Things are seemingly harder as I've aged. Things I used to have a hard time doing but could get myself to do, is next to impossible any more.
    (K, My daughter called and interrupted my train of thought).
    Hello and welcome.
     
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  18. Pats

    Pats Well-Known Member V.I.P Member

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    I like that comment, too - sounds familiar. Why can't I find the comment?
    Actually with tinitis and can't understand what anyone is saying any more, it's just frustrating to try to talk to people.
     
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  19. Gracey

    Gracey Well-Known Member V.I.P Member

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    I don’t deal with social challenges if I don’t want to.

    Sometimes for lack of not knowing what to do anymore,
    sometimes because I don’t have the patience (and that rarely ends well)

    Currently my social graces extend to being at arms length. General , (scripty) chitty -chat.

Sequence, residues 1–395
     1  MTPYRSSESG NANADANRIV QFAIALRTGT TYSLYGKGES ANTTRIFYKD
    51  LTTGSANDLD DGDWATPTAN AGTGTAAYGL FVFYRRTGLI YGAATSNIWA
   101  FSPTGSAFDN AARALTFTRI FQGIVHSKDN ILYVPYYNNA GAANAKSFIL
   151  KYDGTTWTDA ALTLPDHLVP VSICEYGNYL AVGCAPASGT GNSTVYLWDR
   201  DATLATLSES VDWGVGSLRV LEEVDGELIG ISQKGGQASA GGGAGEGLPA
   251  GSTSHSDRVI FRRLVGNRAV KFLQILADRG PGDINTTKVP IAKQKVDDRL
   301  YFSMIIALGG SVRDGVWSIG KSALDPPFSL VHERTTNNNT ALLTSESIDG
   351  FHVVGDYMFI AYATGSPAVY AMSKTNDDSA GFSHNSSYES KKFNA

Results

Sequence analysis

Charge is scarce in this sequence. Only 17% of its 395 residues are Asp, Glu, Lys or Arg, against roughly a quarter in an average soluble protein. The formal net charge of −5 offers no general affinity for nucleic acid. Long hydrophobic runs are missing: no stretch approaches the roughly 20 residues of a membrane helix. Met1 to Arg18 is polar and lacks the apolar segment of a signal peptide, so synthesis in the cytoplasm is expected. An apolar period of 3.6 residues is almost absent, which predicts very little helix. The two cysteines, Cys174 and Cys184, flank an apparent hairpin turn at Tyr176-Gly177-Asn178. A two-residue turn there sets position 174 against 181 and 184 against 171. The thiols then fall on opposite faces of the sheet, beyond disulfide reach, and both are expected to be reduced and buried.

Not really connecting and somewhat guarded.

    I suppose that’s because I have a head chocker block full of ‘reality’. New Problems, issues and aspects of health that all need action on my part.

    I can just about string a sentence together with those I know,
    I can retrieve scripts and ‘arms-length’ pleasantries for strangers.
    (Other dog walkers, standing in a shopping queue- you know the stuff that doesn’t mean much)
     
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  20. china autie

    china autie friend to dogs and frogs and cats

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    I socialize with one or two people or one selected small group at a time. I am pretty much sitting on the sidelines at this point and that is usually okay with me.